Warning: this post may contain spoilers for Xenophon’s biography Agesilaus
While other works of Xenophon’s have taken me a week or even longer to get through, I finished this one in just a night, and it wasn’t even the only thing that I read that evening. Agesilaus is a biography of the titular Spartan king, and unlike Xenophon’s “biography” of Cyrus the Great, is thought to be fairly accurate historically, if very brief, and somewhat biased. Where a modern biographer often goes out of his or her way to find “dirt” on their subject, highlighting their shortcomings and failures no matter how respected and revered a figure they might be, or how significant of feats they might have accomplished, it has been more common in history to write biographies that are meant to praise a figure and elucidate the person’s admirable traits, that others might follow suit. Xenophon certainly falls into the latter category, and his effusive praise for Agesilaus renders him as a veritable paragon of virtue, representative of every admirable characteristic and quite devoid of any flaws of blemishes.
Agesilaus is thought to be one of the earliest biographical works in history, certainly that has survived to the present day. Xenophon was a contemporary of Agesilaus, and his Hellenica covers some of the same time frame and events; in fact, some of the narrative is identical between the two works. If you’re worried about diving into Xenophon’s collected works, and don’t want to start with one of the longer pieces, this would be an excellent one with which to start; although short, it is in style, tone, and content representative of Xenophon’s other writings (at least his other historical writings). Plus, he gives a little summary of everything he said in the biography when he gets to the end, so if you missed something, you don’t have to worry about going back to find out what it was.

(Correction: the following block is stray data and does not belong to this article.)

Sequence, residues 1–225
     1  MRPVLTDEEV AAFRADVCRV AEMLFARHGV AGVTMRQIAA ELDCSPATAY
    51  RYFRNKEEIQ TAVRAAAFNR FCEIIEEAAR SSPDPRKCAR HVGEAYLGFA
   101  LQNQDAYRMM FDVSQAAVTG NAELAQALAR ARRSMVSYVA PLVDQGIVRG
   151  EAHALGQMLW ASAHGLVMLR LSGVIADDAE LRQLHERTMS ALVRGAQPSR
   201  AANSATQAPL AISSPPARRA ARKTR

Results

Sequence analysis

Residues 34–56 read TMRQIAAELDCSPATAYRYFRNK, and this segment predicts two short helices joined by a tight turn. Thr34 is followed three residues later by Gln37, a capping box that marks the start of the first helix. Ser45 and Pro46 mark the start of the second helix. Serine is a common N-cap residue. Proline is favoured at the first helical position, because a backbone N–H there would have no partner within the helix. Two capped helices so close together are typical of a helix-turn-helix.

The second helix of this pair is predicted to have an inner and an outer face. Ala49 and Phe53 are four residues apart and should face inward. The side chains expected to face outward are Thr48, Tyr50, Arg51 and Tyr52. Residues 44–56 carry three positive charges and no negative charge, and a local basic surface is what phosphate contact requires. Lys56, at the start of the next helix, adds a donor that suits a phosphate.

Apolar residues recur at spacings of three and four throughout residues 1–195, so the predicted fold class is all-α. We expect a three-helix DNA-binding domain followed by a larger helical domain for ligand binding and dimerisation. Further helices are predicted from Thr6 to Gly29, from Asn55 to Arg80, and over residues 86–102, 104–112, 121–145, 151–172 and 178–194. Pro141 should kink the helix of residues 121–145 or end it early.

As this was a short piece of writing, and we’ve covered a lot of the general notes that I might make through our other reviews of Xenophon’s works, I don’t have a lot more to say for this review. Perhaps it is worth mentioning that Xenophon, while originally a citizen of Athens, was exiled from Athens and was ultimately adopted by the Spartans; he had an estate in Sparta, and fought for them on numerous occasions (including at least once against Athens, which was likely the cause of his exile). So perhaps that is part of why his praise for Agesilaus is so effusive; the adopted citizen is often the more loyal and grateful than the citizen by birth, and more conscious of the benefits of such membership. I really did enjoy this quick read, and I would encourage you to consider reading it, too. Next week, we’ll begin reviewing Xenophon’s philosophical texts.